Perlmutter: Photojournalism in Crisis
David D. Perlmutter, Professor and Associate Dean for Graduate Studies & Research at the University of Kansas School of Journalism & Mass Communications, has an excellent piece on the Fauxtography Scandal—with a big salute to all the blogs who pushed the story forward: Photojournalism in Crisis.
(August 18, 2006) — The Israeli-Hezbollah war has left many dead bodies, ruined towns, and wobbling politicians in its wake, but the media historian of the future may also count as one more victim the profession of photojournalism. In twenty years of researching and teaching about the art and trade and doing photo-documentary work, I have never witnessed or heard of such a wave of attacks on the people who take news pictures and on the basic premise that nonfiction news photo- and videography is possible.
I’m not sure, however, if the craft I love is being murdered, committing suicide, or both.
Perhaps it would be more reassuring if the enemy at the gates was a familiar one—politicians, or maybe radio talk show hosts. But the photojournalist standing on the crumbling ramparts of her once proud citadel now sees the vandal army charging for the sack led by “zombietime,” “The Jawa Report,” “Powerline,” “Little Green Footballs,” “confederateyankee,” and many others.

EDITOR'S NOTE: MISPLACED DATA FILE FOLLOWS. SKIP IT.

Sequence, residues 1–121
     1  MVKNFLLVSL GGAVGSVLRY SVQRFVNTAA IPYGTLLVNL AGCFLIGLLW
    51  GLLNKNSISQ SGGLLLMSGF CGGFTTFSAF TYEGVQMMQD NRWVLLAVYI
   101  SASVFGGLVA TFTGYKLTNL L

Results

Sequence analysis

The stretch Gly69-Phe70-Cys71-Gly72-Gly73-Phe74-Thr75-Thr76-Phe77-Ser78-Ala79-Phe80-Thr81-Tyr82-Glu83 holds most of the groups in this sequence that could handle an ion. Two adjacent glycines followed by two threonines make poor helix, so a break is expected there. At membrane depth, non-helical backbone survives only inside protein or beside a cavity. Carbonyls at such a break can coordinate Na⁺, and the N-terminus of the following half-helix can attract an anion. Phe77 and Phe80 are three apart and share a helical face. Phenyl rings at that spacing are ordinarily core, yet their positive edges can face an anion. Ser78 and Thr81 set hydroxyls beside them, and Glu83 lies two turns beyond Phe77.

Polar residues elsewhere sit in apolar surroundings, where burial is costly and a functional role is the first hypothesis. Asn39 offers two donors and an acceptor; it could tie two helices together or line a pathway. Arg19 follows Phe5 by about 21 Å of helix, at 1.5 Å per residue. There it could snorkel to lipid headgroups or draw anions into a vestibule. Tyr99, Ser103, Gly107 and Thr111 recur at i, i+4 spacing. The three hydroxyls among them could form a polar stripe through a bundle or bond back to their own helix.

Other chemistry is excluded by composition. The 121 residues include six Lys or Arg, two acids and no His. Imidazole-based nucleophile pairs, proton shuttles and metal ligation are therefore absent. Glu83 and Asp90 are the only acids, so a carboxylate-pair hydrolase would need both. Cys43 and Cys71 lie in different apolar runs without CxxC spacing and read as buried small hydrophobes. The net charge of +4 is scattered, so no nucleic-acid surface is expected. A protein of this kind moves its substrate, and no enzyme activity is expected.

In each case, these bloggers have engaged in the kind of probing, contextual, fact-based (if occasionally speculative) media criticism I have always asked of my students. And the results have been devastating: news photos and video shown to be miscaptioned, radically altered, or staged (and worse, re-staged) for the camera. Surely “green helmet guy,” “double smoke,” “the missiles that were actually flares,” “the wedding mannequin from nowhere,” the “magical burning Koran,” the “little girl who actually fell off a swing” and “keep filming!” will now enter the pantheon of shame of photojournalism.
A few photo-illusions are probably due to the lust for the most sensational or striking-looking image—that is, more aesthetic bias than political prejudice. Also, many photographers know that war victims are money shots and some will break the rules of the profession to cash in. But true as well is that local stringers and visiting anchors alike seem to have succumbed either to lens-enabled Stockholm syndrome or accepted being the uncredited Hezbollah staff photographer so as to be able to file stories and images in militia-controlled areas.
It does not help that certain news organizations have acted like government officials or corporate officers trying to squash a scandal. The visual historian in me revolts when an ABC producer informs me that Reuters “deleted all 920 images” by the stringer who produced the “Beirut double smoke” image and is “less than willing to talk about it.” Can you say “18-minute gap,” anyone?